US and Su­dan reach ‘un­der­stand­ing’ over 1998 bomb­ings

The National - News - - FRONT PAGE - JOYCE KARAM Wash­ing­ton

The United States and Su­dan reached an un­der­stand­ing for an out­line agree­ment to set­tle com­pen­sa­tion claims over the 1998 Al Qaeda bomb­ing of the US em­bassies in Kenya and Tan­za­nia.

“This fi­nal agree­ment will re­flect Su­dan’s agree­ment to pay. It will in­clude com­pen­sa­tion in con­nec­tion with claims re­lat­ing also to non-US nationals killed and in­jured in the em­bassy bomb­ings,” said Ti­bor Nagy, US as­sis­tant sec­re­tary for African af­fairs.

His com­ments came days after the US Supreme Court said the African na­tion can­not avoid puni­tive dam­ages in law­suits ac­cus­ing it of com­plic­ity in the at­tacks that killed 224 people, in­clud­ing 12 Amer­i­cans.

The rul­ing re­in­states about $826 mil­lion (Dh3.033 bil­lion) of $4.3bn in puni­tive dam­ages, said Christo­pher Cur­ran, a lawyer rep­re­sent­ing Su­dan.

Mr Nagy did not men­tion amounts of com­pen­sa­tion but said those de­tails were be­ing worked out. On Tues­day, The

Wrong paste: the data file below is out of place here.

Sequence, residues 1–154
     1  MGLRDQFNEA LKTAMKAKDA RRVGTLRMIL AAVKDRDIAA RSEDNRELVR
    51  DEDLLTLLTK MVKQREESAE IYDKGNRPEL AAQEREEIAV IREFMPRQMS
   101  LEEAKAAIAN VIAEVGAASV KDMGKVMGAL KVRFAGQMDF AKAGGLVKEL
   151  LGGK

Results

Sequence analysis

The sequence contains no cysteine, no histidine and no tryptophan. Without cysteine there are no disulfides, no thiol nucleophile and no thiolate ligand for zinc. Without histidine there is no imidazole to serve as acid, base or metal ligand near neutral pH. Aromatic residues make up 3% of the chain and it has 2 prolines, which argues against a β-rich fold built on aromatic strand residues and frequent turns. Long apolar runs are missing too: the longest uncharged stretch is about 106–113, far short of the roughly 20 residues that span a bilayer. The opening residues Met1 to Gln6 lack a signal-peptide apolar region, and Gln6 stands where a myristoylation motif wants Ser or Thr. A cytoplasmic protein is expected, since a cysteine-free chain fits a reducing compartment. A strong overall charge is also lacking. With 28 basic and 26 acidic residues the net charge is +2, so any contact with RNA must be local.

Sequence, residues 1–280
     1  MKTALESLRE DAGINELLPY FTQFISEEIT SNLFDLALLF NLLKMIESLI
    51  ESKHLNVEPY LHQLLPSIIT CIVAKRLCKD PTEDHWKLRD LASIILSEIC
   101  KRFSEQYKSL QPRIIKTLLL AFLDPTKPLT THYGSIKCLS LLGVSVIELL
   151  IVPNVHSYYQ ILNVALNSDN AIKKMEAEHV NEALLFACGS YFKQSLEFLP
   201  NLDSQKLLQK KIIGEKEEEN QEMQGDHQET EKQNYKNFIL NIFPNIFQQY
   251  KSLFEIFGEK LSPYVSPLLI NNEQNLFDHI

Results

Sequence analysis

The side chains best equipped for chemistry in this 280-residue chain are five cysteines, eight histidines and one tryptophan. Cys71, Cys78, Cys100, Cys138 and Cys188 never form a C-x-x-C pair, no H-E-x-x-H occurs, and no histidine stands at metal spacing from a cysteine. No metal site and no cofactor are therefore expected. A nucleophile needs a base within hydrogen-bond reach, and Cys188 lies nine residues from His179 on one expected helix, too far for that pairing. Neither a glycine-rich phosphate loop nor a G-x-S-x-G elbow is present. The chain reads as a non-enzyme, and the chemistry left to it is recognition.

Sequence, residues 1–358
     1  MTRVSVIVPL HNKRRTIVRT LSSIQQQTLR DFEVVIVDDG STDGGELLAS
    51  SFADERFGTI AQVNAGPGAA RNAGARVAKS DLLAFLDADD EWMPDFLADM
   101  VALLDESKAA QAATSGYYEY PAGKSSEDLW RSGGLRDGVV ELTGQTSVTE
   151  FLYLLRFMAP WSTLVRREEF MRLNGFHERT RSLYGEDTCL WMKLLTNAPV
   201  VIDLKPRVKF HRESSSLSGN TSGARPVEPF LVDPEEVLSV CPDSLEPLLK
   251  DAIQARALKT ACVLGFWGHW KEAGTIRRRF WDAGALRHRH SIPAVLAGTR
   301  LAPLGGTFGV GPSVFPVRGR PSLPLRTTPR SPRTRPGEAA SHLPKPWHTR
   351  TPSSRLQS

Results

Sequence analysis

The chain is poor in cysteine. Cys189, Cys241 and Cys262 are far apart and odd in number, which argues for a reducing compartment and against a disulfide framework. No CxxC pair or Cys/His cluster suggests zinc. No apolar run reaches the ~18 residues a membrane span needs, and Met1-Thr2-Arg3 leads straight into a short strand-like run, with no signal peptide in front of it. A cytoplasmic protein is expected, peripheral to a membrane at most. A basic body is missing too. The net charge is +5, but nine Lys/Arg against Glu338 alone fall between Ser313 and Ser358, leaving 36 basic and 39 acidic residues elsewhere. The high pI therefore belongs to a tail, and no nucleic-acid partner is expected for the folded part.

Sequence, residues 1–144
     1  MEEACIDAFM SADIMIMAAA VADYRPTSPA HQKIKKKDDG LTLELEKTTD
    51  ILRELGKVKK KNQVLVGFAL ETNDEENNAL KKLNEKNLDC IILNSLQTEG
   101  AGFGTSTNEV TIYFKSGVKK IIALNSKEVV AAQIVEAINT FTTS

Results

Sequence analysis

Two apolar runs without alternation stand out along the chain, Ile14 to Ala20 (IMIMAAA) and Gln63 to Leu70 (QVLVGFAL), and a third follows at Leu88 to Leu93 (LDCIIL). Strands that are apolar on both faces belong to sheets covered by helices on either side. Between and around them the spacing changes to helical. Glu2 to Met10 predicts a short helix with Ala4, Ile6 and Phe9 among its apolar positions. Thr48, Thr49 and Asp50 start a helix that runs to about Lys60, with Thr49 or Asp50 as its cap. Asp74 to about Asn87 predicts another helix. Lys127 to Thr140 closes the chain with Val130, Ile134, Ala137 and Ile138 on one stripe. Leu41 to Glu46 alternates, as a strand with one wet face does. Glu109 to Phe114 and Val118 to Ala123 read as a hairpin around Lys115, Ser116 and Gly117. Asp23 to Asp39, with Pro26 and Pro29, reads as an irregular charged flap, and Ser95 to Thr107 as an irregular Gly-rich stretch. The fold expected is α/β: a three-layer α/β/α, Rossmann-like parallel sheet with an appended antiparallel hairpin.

Wall Street Jour­nal quoted a source in Congress say­ing “vic­tims would re­ceive more than $300 mil­lion al­to­gether”.

The deal could pave the way for the US to re­move Su­dan from a list of state spon­sors of ter­ror­ism, al­low­ing it to tap into in­ter­na­tional as­sis­tance to al­le­vi­ate the eco­nomic sit­u­a­tion in the coun­try. The US added Su­dan to the list in 1993 and then im­posed a trade em­bargo to pun­ish Khar­toum for ties to ex­trem­ist or­gan­i­sa­tions and Iran, and for its role in the geno­cide in Dar­fur..

US court rul­ings hold Su­dan par­tially re­spon­si­ble for the 1998 bomb­ing of the Kenyan em­bassy and also for a si­mul­ta­ne­ous at­tack on the US em­bassy in Tan­za­nia. It is also li­able for an Al Qaeda at­tack in 2000 on the USS Cole in Ye­men. Un­til shortly be­fore the at­tacks, Al Qaeda head Osama bin Laden was liv­ing in Su­dan un­der the pro­tec­tion of then leader Omar Al Bashir.

Since a mass up­ris­ing against the di­vi­sive dic­ta­tor’s rule last year brought in a rapid change in the coun­try, the new prime min­is­ter, Ab­dalla Ham­dok, has opened talks with the US to re­store ties, ap­point am­bas­sadors and re­solve the com­pen­sa­tion claims.

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